Since January, several of my friends and coworkers have decided to give Whole30 a try. Their reasons and goals are diverse: some are looking to jumpstart healthier eating patterns or want to drop a few pounds; others want to identify potential food intolerances; and for a handful, Instagram or the internet told them to.
As is the case with many people testing out fad diets, only a fraction of them are following Whole30 to a tee. Most others are either allowing themselves to cheat for special occasions or tailoring the diet to their own preferences—splurging when unique opportunities arise or limiting Whole30 to a more digestible “Whole30 9-5.” The question is—can you bend the rules of a strict elimination diet and still reap the benefits? Here are my pros and cons of cheating on Whole30.
A Case Against Cheating
At its core, Whole30 is an elimination diet—a short-term eating plan in which you eliminate all sources of added sugar, grains, corn, rice, legumes, beans, dairy, alcohol, and certain additives like MSG and sulfites for three to six weeks and then re-introduce each food back, individually, and monitor your symptoms or reactions to those foods. If you eat one of these forbidden foods, you must restart the 30-day process.
The primary purpose of Whole30 is not to lose weight or improve health markers. This popular elimination diet is designed to provide you with valuable, empowering information about how certain foods impact your health and wellbeing, and you won’t get that information if you haven’t eliminated those foods from your diet completely.
You might think that, if there are foods that are negatively impacting your health or wellbeing, you’d certainly know it. But if you’ve never existed without those foods in your system, that’s your “normal,” and you may not be aware of how great you can feel when you eliminate a potentially problematic food. Many people with celiac disease, for example, had no idea that their body couldn’t process wheat and are shocked to discover that living without chronic stomach pain and fatigue is possible. You may not have any intolerances or sensitivities, but that’s still valuable information.
From a purist perspective (and my perspective), Whole30 is all or nothing. By cheating, you’re getting the worst of both worlds—removing a lot of delicious foods from your diet without learning anything valuable about how these foods affect you. Eating healthy, whole foods and avoiding packaged foods for just one month, but cheating a little bit and then returning to your previous eating habits, probably won’t impact your health or weight in the long-term, nor will it give you information about how certain foods affect your wellbeing.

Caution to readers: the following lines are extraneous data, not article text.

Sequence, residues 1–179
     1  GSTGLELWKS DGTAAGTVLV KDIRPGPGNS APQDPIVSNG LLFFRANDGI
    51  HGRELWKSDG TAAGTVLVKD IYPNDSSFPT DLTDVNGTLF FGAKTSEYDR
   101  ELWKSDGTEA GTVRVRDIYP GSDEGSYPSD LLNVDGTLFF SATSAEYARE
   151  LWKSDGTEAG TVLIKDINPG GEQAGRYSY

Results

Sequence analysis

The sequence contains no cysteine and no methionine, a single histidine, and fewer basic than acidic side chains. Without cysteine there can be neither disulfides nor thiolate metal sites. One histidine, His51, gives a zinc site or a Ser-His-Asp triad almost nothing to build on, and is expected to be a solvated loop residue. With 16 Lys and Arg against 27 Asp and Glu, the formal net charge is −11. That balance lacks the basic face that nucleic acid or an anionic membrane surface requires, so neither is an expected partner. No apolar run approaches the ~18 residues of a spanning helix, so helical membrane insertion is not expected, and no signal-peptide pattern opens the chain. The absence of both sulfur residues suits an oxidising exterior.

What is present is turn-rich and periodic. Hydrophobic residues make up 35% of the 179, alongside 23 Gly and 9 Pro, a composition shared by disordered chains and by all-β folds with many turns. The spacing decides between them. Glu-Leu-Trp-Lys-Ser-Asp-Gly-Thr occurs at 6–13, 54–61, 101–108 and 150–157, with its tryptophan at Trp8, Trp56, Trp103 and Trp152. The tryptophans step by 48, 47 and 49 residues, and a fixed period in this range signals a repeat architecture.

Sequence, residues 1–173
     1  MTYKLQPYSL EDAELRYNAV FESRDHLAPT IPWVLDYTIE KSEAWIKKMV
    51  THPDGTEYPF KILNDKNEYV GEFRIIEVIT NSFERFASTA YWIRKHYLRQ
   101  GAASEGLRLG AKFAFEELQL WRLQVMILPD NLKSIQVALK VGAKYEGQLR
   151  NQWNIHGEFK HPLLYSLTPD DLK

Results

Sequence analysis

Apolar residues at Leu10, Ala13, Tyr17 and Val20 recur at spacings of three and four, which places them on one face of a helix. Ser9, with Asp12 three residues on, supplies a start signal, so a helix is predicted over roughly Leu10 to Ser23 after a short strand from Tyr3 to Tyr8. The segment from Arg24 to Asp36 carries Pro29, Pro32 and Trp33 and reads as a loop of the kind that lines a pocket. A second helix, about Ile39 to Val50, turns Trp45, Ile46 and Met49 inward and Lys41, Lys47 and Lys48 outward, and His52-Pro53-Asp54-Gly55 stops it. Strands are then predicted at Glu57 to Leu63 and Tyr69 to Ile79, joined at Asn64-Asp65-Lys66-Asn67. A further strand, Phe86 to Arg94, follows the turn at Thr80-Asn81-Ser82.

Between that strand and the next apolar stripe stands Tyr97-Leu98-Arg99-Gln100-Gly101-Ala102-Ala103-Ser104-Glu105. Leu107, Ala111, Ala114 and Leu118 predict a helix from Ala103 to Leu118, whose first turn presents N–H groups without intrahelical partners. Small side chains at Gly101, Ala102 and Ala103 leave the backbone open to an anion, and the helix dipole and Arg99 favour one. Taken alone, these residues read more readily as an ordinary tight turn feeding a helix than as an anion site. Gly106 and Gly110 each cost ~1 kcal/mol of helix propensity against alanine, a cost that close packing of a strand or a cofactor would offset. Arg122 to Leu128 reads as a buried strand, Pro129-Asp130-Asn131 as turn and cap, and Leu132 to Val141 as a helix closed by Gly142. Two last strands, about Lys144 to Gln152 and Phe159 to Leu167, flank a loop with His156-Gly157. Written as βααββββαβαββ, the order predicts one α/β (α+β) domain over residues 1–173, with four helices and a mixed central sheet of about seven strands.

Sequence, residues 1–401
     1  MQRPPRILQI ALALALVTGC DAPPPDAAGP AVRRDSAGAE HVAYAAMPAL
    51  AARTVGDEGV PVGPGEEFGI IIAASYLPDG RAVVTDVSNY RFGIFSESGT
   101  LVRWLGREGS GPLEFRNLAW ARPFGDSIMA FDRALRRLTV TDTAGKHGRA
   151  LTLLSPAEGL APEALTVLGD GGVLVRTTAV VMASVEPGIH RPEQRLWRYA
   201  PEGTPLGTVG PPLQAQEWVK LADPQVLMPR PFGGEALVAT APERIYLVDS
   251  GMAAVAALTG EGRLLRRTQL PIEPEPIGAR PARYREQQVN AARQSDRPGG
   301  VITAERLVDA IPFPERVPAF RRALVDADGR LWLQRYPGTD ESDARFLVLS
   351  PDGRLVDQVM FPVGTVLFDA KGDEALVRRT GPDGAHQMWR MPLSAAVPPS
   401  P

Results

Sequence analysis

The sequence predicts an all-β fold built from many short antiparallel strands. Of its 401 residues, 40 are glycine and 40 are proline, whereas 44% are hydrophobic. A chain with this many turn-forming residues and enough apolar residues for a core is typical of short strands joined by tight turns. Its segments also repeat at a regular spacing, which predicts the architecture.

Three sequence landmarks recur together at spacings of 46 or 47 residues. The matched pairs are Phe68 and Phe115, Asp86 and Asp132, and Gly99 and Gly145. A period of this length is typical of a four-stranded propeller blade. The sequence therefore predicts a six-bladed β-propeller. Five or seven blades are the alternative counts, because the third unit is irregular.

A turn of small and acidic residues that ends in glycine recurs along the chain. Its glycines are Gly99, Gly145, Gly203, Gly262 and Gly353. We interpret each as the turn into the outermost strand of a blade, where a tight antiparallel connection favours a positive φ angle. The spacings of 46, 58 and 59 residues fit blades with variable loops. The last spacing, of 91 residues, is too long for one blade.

A Case For Cheating
It is possible, however, to change your eating behaviors for the better, despite cheating on Whole30. One of my coworkers undertook Whole30 and deviated from the diet several times. He did it mindfully, though—he chose to “cheat” for foods or experiences that either he can’t get every day or that he wouldn’t be able to recreate himself. On National Grilled Cheese Day, we had a grilled cheese bar fully stocked with a mouthwatering cornucopia of breads, cheeses, meats (think bacon, pulled pork, lobster), and spreads that he considered worth “cheating” for. He wouldn’t cheat for just anything, like the donuts or hot cheetos that he could otherwise have any other time.
Even though he only loosely followed the Whole30 guidelines, he gained valuable information about how food impacts him and has changed his eating behaviors for the better. He’s more aware of the foods that he’s putting into his body instead of mindlessly snacking on chips and pretzels. He feels empowered to make choices about the food he eats and to be able to say no, even in the face of temptation. And even though he may not have pinpointed any intolerances or sensitivities he has to certain foods, failure is knowledge too.
So What Should I Do?
If you’re interested in doing Whole30, it can be helpful to identify your reasons for trying the diet in the first place. Are you interested in losing weight, getting your cholesterol numbers under control, or minimizing your risk for diabetes? If so, an elimination diet might not be your best bet, and a less restrictive, more sustainable eating pattern based on whole foods might be a better option. But if you think you might have an intolerance to a specific food, a chronic health condition like irritable bowel syndrome, or are constantly low on energy, Whole30—or a similar elimination diet in which you follow the rules exactly—might be exactly what you’re looking for.